The first step in creating our album cover was picking the most suitable pictures of the artists for the front cover. The image we wanted to create was over-layed pictures of Georgie in the middle with the two DJs facing outwards, producing an effect similar to the cover of Robin Thicke's Blurred Lines EP cover (right).
Picking the best shots
For the image of Georgie this wasn't hard, as the lighting, framing and pose in each photo was of a good standard. We settled on this image of Georgie:
Choosing shots for the DJs was slightly harder as we had two angles to choose from:
|Facing out at a 90 degree angle|
|Facing out at a 45 degree angle|
Layering the images
To assemble the images we used photoshop to cut them our from their backgrounds, layer them on top of each other, and change the opacity so that the DJs could be seen through Georgie.
However, we realised that it didn't look as professional or effective as we ad hoped, so we decided that the image would need more editing to make it visually pleasing.
Our choice for further editing was to blur the images. This made them flow into each other better, and conformed to conventions of albums of this genre, by using heavy effects on the images. To do this, we layered two more copies of the image of each person on top of the existing image, and changed the opacity of each so that the images underneath could still be seen through them.
As we had planned to use a picture of powder paint to fill our album title, we wanted a font that made it look as if it has been hand-written with the powder paint. We settled on the font shown below as it worked for this. We filled it with powder paint by creating a clipping mask for the text on photoshop and layering images of powder paint behind it.
|Font for the title|
Early versions of the front cover
The first version of our album cover looked like this:
Feeling that it looked a bit plain, we tried laying textures over the image to make the cover more interesting and eye-catching. Here are the results:
We used a laser-style texture to fit with the genre of dance music.
However, after asking our audience for feedback, we discovered that they preferred the original cover to the covers with textures. This is because it felt to them as if there was too much going on, and detracts from the blurred effect that they liked. Therefore, we decided to stick with the style of our original album cover.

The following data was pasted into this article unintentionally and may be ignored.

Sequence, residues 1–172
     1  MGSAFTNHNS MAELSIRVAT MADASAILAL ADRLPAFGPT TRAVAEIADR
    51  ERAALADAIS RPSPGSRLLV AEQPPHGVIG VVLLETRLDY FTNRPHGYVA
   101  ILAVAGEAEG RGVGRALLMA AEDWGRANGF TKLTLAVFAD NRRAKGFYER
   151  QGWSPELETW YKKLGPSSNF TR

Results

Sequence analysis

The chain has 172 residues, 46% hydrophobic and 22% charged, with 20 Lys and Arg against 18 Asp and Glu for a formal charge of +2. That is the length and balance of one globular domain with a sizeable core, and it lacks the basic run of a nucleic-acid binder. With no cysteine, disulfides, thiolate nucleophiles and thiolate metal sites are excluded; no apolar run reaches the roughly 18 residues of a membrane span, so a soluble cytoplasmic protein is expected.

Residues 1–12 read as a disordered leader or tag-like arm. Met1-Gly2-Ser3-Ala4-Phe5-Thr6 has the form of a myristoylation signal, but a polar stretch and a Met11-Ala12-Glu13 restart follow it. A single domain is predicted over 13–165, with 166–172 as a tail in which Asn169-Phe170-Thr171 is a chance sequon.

When researching conventions of album back covers, we took influence from the back cover of a Disclosure album, as they make music of a similar genre to our artist.
|Disclosure album tracklist|
We learned from this that the back cover is often plain and simple, and ties in with the theme or colour scheme of the album as a whole. Using this information, we created the back cover for our album. We kept the background plain just like the rest of the album, and used a particular brush to create paint-like smudges behind the track titles, creating a link between this and the powder paint used in the title on the front cover. The result is below.
Having realised that the brush we used also created grey boxes around the smudges, we increased the brightness and contrast of them to get rid f these. This also created a nicer blue, and one much more similar to the colour of our album title. We then also added a QR code to go alongside the barcode and record label logos, as these are industry conventions.
This is the finished version of the back cover of our album:
Final front cover
To add the final touches to our album cover, we changed the colour hue and contrast to make the image less pink. After making the banner on our website and the track titles on our album blue, we also decided to make the colour of the title completely blue to create synergy with these other elements. We also felt that this represents our artist better as the two males in the band, and the "not too girly" character of our female lead would be represented by the stereotypically masculine colour.
To keep with the minimal theme of our album, we chose to have pictures of our artists against plain white backgrounds across the inside panels of our digipak. Below are the images we picked.
Our finished digipak looks like this: